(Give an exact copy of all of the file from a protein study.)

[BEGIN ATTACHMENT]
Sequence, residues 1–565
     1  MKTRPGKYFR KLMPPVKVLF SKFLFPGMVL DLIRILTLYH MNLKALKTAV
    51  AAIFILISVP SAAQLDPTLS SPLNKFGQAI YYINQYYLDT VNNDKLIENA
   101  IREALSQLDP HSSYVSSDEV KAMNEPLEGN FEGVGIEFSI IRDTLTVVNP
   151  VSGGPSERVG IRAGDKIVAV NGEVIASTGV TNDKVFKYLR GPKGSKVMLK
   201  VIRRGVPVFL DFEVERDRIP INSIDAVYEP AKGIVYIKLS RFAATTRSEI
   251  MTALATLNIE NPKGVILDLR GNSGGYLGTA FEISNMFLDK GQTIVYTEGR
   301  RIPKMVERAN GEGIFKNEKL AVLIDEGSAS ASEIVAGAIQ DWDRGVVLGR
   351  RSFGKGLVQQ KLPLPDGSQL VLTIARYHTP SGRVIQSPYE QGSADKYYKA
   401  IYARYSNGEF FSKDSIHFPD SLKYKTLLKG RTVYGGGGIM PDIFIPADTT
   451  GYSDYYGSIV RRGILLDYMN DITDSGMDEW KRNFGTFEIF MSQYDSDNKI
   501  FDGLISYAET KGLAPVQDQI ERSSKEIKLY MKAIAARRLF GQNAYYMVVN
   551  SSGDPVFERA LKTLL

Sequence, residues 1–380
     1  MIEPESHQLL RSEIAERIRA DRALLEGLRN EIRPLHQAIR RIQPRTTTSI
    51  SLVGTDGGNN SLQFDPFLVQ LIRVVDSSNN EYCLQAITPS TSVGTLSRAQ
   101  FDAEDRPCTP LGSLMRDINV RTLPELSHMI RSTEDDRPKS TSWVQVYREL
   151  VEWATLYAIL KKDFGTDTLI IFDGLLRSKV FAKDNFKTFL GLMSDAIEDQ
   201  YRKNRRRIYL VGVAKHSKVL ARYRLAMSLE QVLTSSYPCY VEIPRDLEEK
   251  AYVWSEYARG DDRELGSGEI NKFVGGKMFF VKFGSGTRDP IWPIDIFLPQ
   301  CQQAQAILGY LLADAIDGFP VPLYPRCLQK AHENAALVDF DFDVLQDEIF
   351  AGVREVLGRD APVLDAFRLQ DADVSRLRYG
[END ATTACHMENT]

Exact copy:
Sequence, residues 1–565
     1  MKTRPGKYFR KLMPPVKVLF SKFLFPGMVL DLIRILTLYH MNLKALKTAV
    51  AAIFILISVP SAAQLDPTLS SPLNKFGQAI YYINQYYLDT VNNDKLIENA
   101  IREALSQLDP HSSYVSSDEV KAMNEPLEGN FEGVGIEFSI IRDTLTVVNP
   151  VSGGPSERVG IRAGDKIVAV NGEVIASTGV TNDKVFKYLR GPKGSKVMLK
   201  VIRRGVPVFL DFEVERDRIP INSIDAVYEP AKGIVYIKLS RFAATTRSEI
   251  MTALATLNIE NPKGVILDLR GNSGGYLGTA FEISNMFLDK GQTIVYTEGR
   301  RIPKMVERAN GEGIFKNEKL AVLIDEGSAS ASEIVAGAIQ DWDRGVVLGR
   351  RSFGKGLVQQ KLPLPDGSQL VLTIARYHTP SGRVIQSPYE QGSADKYYKA
   401  IYARYSNGEF FSKDSIHFPD SLKYKTLLKG RTVYGGGGIM PDIFIPADTT
   451  GYSDYYGSIV RRGILLDYMN DITDSGMDEW KRNFGTFEIF MSQYDSDNKI
   501  FDGLISYAET KGLAPVQDQI ERSSKEIKLY MKAIAARRLF GQNAYYMVVN
   551  SSGDPVFERA LKTLL

Sequence, residues 1–380
     1  MIEPESHQLL RSEIAERIRA DRALLEGLRN EIRPLHQAIR RIQPRTTTSI
    51  SLVGTDGGNN SLQFDPFLVQ LIRVVDSSNN EYCLQAITPS TSVGTLSRAQ
   101  FDAEDRPCTP LGSLMRDINV RTLPELSHMI RSTEDDRPKS TSWVQVYREL
   151  VEWATLYAIL KKDFGTDTLI IFDGLLRSKV FAKDNFKTFL GLMSDAIEDQ
   201  YRKNRRRIYL VGVAKHSKVL ARYRLAMSLE QVLTSSYPCY VEIPRDLEEK
   251  AYVWSEYARG DDRELGSGEI NKFVGGKMFF VKFGSGTRDP IWPIDIFLPQ
   301  CQQAQAILGY LLADAIDGFP VPLYPRCLQK AHENAALVDF DFDVLQDEIF
   351  AGVREVLGRD APVLDAFRLQ DADVSRLRYG